There's something beautiful about a big book, about picking up its solid weight in your hands and just holding it, and this is a big book. You can't easily curl up with it in bed: it's a serious book, the kind made for a library, and the same kind of quiet contemplation that a library inspires.
If you're like me, it's the poems concerned with landscapes, the elements and the animal kingdom that really thrill you. From the exquisite sunrise in "The Horses":
Slowly detail leafed from the darkness. Then the sun
Orange, red, red erupted
Silently, and splitting to its core tore and flung cloud,
Shook the gulf open, showed blue,
And the big planets hanging -
to the power of the "Wind":
The wind flung a magpie away and a black-
Back gull bent like an iron bar slowly...
Reading Hughes work is literally hair-raising, and barely a poem goes by that you don't find a line that touches you on an inner level and brings goosebumps out in force.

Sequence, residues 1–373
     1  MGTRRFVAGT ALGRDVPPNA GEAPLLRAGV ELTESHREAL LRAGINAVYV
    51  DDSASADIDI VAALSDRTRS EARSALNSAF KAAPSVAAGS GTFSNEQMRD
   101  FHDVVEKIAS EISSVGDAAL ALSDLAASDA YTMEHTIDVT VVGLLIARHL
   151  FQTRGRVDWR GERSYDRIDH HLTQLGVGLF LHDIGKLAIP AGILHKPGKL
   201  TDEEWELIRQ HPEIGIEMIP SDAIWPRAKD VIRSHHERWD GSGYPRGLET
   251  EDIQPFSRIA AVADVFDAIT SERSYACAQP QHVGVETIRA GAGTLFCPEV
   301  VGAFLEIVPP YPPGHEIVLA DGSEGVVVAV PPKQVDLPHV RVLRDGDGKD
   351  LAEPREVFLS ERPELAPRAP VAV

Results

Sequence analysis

But to suggest that there is nothing more to Hughes, would be to do the sweeping range of his poetry a disservice and this book, as no other volume can, comprises the genuine depth and scope of his work. From antiquity and history to shamanism and the supernatural, his poetry revels in the human and the animal, in the material and the spiritual.
For any serious reader of Hughes' work, this book represents the whole gamut and should be a must-own tome for your shelves. A book not so much to be dipped into, as to be immersed in for hours.
At Ted Hughes' funeral, the great Seamus Heaney mourned: "By his death, the veil of poetry is rent and the walls of learning broken." Yet through this book, through these words freshly read, the dynamic voice of Hughes endures.